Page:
Thursday, May 15, 2014

Thursday May 15 Ag News


As producers gear up to move livestock to pastures for spring and summer grazing, Nebraska State Veterinarian Dr. Dennis Hughes would like to remind producers of their responsibilities when moving animals across state lines.

“It is the producers’ responsibility to make sure they are following the import requirements of the destination state,” said Hughes.  “I would suggest that producers call ahead to ensure they are meeting the state’s animal health requirements, as well as federal animal disease traceability requirements.”

To make that process easier for branded cattle traveling between Nebraska and South Dakota brand areas for grazing, Hughes announced the two states have developed a cooperative interstate commuter / grazing agreement.

The agreement will allow producers to submit paperwork and receive a yearly permit to transport branded cattle between Nebraska and South Dakota brand areas.  The 2014 permit will be valid for 180 days, and will use the registered herd brand, as well as the individual farm tag information, as identification for the animals.  However, producers will not need to individually identify each animal on the Certificate of Veterinary Inspection (CVI) for movement under this commuter grazing agreement.

According to Hughes, after January 1, 2015, producers will need to get a new permit and, it will be required that each animal have an official identification device that meets the Animal Disease Traceability (ADT) requirements.  Producers will still be able to move animals under a brand for grazing, but the official identification information will not be needed on the CVI.

“We understand that producers have struggled to meet the ADT compliance requirements,” said Hughes.  “We are hopeful that the agreement we have established for this year will assist producers during the grazing season, while allowing them an opportunity to prepare to meet the ADT requirements in 2015.”

Those interested in learning more about the permit process should contact the Nebraska State Veterinarian’s office at (402) 471-2351.

Reproduction Symposium at the University of Nebraska - Lincoln to be held On May 20

The University of Nebraska – Lincoln will host a reproduction symposium sponsored by NCERA-57 Regional Research Committee on Swine Reproductive Physiology, on May 20th. The symposium is designed to discuss reproductive topics important to the swine industry and acquire feedback to determine which topics would be beneficial for future symposia.

The title of the symposium this year is "Increased Litter Size and Environmental Effects on Piglet Quality" and will be offered via Adobe Connect to pork producers from other states.  The free symposium (including lunch) will be held in Room B101 of the Animal Science Building on the University of Nebraska campus on May 20th from noon to 5 p.m. For more information and to register for the event, click here...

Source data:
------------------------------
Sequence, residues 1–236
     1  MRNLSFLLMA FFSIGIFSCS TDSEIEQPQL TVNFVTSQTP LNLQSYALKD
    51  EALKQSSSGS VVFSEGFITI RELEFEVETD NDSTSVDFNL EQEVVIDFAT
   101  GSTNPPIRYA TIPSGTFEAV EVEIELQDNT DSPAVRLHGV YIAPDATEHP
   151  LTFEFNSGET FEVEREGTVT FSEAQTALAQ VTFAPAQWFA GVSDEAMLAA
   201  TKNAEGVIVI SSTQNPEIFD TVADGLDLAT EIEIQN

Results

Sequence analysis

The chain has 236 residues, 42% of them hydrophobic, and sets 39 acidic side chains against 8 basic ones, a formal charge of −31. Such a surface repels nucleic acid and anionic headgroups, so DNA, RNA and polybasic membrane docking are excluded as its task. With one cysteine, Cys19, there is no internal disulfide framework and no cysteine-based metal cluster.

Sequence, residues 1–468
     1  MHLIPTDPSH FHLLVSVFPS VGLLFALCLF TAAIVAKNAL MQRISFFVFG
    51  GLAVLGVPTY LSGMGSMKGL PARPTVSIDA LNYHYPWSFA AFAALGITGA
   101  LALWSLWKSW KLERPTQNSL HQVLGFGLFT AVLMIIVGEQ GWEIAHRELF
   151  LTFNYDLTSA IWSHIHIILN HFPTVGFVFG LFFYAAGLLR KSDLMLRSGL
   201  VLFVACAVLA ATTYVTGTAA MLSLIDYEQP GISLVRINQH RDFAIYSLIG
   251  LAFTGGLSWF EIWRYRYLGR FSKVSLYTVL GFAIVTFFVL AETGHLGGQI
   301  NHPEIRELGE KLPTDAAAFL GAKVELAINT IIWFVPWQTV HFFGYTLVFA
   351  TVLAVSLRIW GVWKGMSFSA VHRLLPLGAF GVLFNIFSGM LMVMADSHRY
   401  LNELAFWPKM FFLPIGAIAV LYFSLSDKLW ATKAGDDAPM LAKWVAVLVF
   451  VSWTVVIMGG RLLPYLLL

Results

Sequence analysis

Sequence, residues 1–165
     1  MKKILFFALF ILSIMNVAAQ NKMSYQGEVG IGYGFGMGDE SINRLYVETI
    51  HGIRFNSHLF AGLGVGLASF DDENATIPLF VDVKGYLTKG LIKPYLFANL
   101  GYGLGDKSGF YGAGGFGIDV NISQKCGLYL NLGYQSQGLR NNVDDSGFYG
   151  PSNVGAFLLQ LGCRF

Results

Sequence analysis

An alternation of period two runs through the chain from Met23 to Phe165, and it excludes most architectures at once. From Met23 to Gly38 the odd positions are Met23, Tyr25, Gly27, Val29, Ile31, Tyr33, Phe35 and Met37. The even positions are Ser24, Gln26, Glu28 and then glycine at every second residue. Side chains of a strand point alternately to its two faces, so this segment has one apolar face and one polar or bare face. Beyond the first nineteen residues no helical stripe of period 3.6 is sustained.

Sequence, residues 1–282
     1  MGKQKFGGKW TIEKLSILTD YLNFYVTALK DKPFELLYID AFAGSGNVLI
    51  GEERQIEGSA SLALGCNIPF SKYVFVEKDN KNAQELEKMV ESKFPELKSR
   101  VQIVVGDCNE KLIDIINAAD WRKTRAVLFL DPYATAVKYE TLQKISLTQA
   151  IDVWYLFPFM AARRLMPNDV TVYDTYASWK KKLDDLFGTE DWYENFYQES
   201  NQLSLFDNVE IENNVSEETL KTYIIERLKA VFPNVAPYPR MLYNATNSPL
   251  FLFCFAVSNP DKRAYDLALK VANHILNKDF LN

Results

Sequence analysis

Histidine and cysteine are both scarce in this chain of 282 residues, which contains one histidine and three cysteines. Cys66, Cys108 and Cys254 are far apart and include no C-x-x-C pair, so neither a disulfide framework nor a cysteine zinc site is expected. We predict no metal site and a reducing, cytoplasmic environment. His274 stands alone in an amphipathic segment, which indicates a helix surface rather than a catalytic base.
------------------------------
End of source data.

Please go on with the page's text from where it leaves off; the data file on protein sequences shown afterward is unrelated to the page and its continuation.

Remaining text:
Heineman Appoints 11 Individuals to Serve on the Nebraska Natural Resources Commission

Gov. Dave Heineman today announced 11 new members of the Natural Resources Commission expanding the commission from 16 to 27 members. This expansion was created with the passage of Legislative Bill 1098e. The appointees must have staggered terms of service.

The following new members will initially serve two-year terms beginning June 1: Brian Barels of Columbus, Water Resources Manager at Nebraska Public Power District; Joel Christensen of Omaha, Civil Engineer and Vice President of Water Operations at Metropolitan Utilities District (MUD); Steven Huggenberger of Lincoln, Assistant City Attorney specializing in water law; Tom Palmertree of Hebron, Director of Marketing at Reinke Manufacturing; and Scott Smathers of Lincoln, Executive Director at Backcountry Consulting.

The additional new members will serve four-year terms beginning June 1: Don Kraus of Holdrege, General Manager at Central Nebraska Public Power and Irrigation District; Walter Dennis Strauch of Mitchell, General Manager at Pathfinder Irrigation District; Donald Batie of Lexington, Farmer and Cattleman; Henry (Hod) Kosman of Scottsbluff, President, CEO and Chairman at Platte Valley Companies; Lindsey Smith of Broken Bow, Assistant Manager for Gracie Creek Ranch; and Owen Palm of Gering, CEO at 21st Century Equipment.

The individuals who were appointed previously by Gov. Heineman will have a new term to comply with the law. Thomas Knutson of St. Paul, retired Twin Loups Reclamation District, and Mayor Stanley Clouse of Kearney will serve until May 31, 2016. Kearney farmer, Richard Mercer will serve until May 31, 2018.